Early Medieval History #1

During this period, Latin peoples including Italian, French, and Hispanic peoples, and Germanic peoples began to surpass the Balkan peoples. Anglic peoples, Northeast European peoples, and Nordic peoples also began to appear in recorded history.

Persian peoples remained prominent in this period. The Sassanian Persian empire was succeeded by the Umayyad Caliphate and then the Abbasid Caliphate of Islam. Egypt was under Roman (in this period known as Byzantine) rule. Anatolia was mostly under Byzantine rule, but Turks began to immigrate. The lands of Mesopotamian peoples were contested by the Byzantine and Sassanian empires, until they were conquered by the Umayyad and Abbasid caliphates.

The Sui, Tang, and Song dynasties ruled China. In South Asia, the Gupta empire ended and various successor states arose. Islam also entered what is now Pakistan.

In Northern East Africa, the Christian kingdoms of Alosia, Makura, and Nobatia in what is now Sudan resisted Islamic conquest. The kingdom of Axum was present in Ethiopia,. Bantu-speaking peoples continued to move into South Africa.

I still do not yet have many details of American Indian peoples.

Maybe I am dead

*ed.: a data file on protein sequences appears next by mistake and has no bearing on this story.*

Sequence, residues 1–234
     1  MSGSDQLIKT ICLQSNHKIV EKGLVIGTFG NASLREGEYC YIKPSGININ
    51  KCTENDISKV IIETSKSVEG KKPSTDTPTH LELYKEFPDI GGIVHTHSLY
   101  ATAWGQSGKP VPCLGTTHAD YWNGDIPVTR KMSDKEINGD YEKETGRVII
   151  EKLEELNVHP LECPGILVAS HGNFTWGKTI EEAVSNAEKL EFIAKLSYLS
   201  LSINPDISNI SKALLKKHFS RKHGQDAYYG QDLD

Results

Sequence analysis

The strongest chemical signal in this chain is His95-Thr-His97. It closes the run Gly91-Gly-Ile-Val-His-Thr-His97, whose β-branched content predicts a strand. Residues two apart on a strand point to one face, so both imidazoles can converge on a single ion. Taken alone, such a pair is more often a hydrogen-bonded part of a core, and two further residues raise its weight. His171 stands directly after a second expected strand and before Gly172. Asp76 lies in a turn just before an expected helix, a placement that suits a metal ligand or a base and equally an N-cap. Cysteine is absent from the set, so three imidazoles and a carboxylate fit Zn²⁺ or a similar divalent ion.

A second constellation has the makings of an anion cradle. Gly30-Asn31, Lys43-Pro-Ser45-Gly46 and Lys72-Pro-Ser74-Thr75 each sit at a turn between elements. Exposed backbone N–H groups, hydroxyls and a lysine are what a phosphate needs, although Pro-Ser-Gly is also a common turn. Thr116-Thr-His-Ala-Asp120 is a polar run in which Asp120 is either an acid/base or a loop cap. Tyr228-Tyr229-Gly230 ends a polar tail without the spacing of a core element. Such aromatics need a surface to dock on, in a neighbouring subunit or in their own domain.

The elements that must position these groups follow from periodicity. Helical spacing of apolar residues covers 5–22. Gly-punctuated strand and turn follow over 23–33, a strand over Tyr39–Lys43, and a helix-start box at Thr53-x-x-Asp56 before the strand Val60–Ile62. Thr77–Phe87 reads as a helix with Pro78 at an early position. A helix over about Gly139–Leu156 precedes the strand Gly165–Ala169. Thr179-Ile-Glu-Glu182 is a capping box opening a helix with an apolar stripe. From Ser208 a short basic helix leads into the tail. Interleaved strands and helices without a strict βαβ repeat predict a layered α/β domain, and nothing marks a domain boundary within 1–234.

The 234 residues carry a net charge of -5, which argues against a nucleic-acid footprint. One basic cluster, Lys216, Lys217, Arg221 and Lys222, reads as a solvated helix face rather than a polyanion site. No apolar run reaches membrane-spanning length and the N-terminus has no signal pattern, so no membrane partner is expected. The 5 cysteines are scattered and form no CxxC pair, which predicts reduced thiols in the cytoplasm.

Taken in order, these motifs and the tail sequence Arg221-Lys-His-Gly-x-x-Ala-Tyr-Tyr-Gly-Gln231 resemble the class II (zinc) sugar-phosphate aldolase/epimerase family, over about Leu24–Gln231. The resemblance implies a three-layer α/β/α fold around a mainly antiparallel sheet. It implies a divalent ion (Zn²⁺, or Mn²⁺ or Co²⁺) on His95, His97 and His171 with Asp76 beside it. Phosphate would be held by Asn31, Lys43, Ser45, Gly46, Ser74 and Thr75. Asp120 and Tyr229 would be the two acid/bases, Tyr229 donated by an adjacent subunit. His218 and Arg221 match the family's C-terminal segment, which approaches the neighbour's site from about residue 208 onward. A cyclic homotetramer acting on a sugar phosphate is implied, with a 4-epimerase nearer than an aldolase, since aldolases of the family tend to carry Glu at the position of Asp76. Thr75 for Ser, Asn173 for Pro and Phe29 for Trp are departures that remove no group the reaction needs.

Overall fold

My resolution to write every day fell down a cliff. I was working on my science fiction story, and it was going much too slow, as I fell down a rabbit hole of developing too many minor characters. I did get to the rocket launch, and may post a couple of pictures. I picked up playing Elite: Dangerous and spent too much time with it. My computer can’t quite handle it, and kept crashing. Part of the problem was that it clobbered Firefox, which I managed to recover by refreshing. I also started picking up threads of the Computer programming I set aside a couple of years ago, and today worked through a refresher of the Windows version of “Hello, World”. It’s going to be pricier than I like to update my development software, the hardware is even more so. We shall see what we shall see.

Eep